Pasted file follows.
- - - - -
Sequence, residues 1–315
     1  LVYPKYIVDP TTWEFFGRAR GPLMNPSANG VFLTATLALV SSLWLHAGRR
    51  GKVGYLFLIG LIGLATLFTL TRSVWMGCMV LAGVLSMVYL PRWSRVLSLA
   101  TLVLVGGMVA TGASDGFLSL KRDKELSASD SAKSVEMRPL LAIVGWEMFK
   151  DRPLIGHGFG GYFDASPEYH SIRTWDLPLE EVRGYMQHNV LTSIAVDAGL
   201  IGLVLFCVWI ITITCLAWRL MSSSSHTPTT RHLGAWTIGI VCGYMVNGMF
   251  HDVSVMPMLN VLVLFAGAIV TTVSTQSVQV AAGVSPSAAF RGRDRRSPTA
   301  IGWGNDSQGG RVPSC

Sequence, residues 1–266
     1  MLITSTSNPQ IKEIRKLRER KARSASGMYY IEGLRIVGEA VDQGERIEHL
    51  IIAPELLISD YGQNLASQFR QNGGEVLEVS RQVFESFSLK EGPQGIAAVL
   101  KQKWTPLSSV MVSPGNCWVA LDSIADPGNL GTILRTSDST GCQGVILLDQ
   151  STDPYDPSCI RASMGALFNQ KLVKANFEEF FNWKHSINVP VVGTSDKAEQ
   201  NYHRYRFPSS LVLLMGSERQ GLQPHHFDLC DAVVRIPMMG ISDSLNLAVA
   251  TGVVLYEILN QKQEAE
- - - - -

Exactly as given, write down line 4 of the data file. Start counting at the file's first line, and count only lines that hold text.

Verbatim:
   101  TLVLVGGMVA TGASDGFLSL KRDKELSASD SAKSVEMRPL LAIVGWEMFK